FRAMINGHAM (08/01/2000) - Have you ever looked in a medical journal or encyclopedia and begun to wonder how many of the various ailments you might have? I believe that IT managers can suffer from the same type of hypochondria when it comes to improving the processes in their organizations.
As we read through the latest IT magazines, websites and white papers, we begin to look to the latest acronyms for answers to our problems: ERP, CRM, KM. The list goes on. When I see deficiencies in my current infrastructure, I am tempted to believe I am suffering from problems I can resolve by implementing some new technique, management fad or killer app. But I know that's not true.
So when I start to feel that way, I take a look at a different kind of B2B. I go back to basics, and I evaluate my circumstances based on four premises:
First: Constantly reevaluate existing resources. With deadlines always looming, it's easy to forget about the 10 computers we purchased to complete the last project, the new training Team B received and the existing skill sets of our present staff. Keeping track of this information may be the last thing you remember to do when finishing a project, but it has saved me many hours of consulting fees and has helped keep projects within time and budgetary constraints. I create a simple inventory of my equipment, software licenses and so on, in a spreadsheet for use in budgeting for improvements and reengineering needs. Then I take a step back and reexamine all my current staff. I prepare a list of all their talents, skill sets and areas of expertise and keep it in a handy place for constant review and maintenance. Compiling this information gives me the ability to determine who can assist in intradepartmental projects and who can fill a gap when needs and resources are at issue.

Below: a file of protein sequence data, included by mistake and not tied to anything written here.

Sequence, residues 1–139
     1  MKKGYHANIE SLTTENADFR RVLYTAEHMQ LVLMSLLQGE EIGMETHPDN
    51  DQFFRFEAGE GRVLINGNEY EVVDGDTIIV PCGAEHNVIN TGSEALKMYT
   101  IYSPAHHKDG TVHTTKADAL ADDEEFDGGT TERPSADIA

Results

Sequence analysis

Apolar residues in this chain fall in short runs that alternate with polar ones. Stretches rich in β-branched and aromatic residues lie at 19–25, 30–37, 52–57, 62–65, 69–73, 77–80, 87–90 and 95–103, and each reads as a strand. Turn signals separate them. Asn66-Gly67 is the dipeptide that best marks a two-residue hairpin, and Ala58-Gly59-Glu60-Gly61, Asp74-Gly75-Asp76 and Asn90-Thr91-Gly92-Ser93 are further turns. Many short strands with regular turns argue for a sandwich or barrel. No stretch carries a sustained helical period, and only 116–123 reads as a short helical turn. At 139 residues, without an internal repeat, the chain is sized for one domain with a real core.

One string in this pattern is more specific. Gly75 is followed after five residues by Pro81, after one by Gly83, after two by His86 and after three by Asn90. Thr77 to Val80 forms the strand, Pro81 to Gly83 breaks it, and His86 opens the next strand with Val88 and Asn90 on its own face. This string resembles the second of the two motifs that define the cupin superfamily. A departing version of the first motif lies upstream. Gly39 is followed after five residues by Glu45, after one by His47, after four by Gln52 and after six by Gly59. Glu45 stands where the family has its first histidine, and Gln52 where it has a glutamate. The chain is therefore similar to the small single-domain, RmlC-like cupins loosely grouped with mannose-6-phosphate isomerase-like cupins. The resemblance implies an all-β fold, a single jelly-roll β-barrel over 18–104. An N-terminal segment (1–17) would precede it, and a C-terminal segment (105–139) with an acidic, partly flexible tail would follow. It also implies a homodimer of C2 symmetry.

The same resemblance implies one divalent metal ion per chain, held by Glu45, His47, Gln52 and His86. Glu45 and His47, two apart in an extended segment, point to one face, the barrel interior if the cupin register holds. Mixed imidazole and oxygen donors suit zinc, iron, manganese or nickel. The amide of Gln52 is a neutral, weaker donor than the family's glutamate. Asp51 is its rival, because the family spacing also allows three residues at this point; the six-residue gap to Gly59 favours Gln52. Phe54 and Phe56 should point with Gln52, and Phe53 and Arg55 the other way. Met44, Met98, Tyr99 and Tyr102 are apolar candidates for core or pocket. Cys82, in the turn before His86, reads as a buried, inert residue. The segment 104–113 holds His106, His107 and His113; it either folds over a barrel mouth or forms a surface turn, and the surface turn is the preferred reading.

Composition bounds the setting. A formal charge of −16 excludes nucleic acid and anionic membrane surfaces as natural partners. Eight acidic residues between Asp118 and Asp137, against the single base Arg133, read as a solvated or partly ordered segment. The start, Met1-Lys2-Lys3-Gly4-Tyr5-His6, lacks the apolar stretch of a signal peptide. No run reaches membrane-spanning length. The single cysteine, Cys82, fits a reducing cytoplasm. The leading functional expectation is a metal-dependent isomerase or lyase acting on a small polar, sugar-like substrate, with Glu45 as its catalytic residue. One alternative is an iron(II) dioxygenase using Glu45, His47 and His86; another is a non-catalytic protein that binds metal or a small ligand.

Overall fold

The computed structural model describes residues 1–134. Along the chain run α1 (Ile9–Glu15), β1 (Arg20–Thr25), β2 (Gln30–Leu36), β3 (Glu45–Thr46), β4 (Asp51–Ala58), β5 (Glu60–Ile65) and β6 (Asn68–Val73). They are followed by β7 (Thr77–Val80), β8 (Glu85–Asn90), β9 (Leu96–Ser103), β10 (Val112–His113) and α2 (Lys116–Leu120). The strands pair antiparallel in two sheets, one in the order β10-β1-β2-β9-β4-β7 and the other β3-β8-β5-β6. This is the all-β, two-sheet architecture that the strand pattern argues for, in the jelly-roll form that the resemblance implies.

Second: Think big, build smaller. The best concepts begin on a strong foundation. It is vital to the success of any large project to examine how the project can be completed in stages. Why not consider your present infrastructure as one that needs only small transitions for improvement rather than attempting large projects that historically have high failure rates? For example, 65 percent of all CRM projects are considered failures in meeting their objectives. In some cases, you may be better off not implementing a CRM project but finding the places where the concepts of CRM may improve your processes. Here's where I go back to basics: I complete a gap analysis to see where I am and where I want to be. Sometimes the results shock me. The analysis can help me recognize if my foundation is the area that requires change or if only some small processes need improvement.
Third: Maintain your intellectual capital. Company intranets are commonplace in most IT organizations, yet information is constantly out-of-date and hard to find. Networks have become a repository for disjointed, unorganized documents, spreadsheets, project plans, e-mails and who knows what else. Finding the current business requirement is like finding a needle in a haystack. In order to get back to basics, IT managers must begin to organize, in small ways, the massive volumes of information they create and accumulate each day. In my company, we have begun to compile the seemingly endless streams of documentation on the various programs developed in the past 10 years. We have included the location of business requirements, test plans, system documentation and help files to create a database that designates the location to keep track of our intellectual capital. In addition, we have created what we call system expert presentations. These presentations were initially created to train our team on new applications, but we are presently preparing them so that other members of our technology group can take advantage of this wealth of knowledge.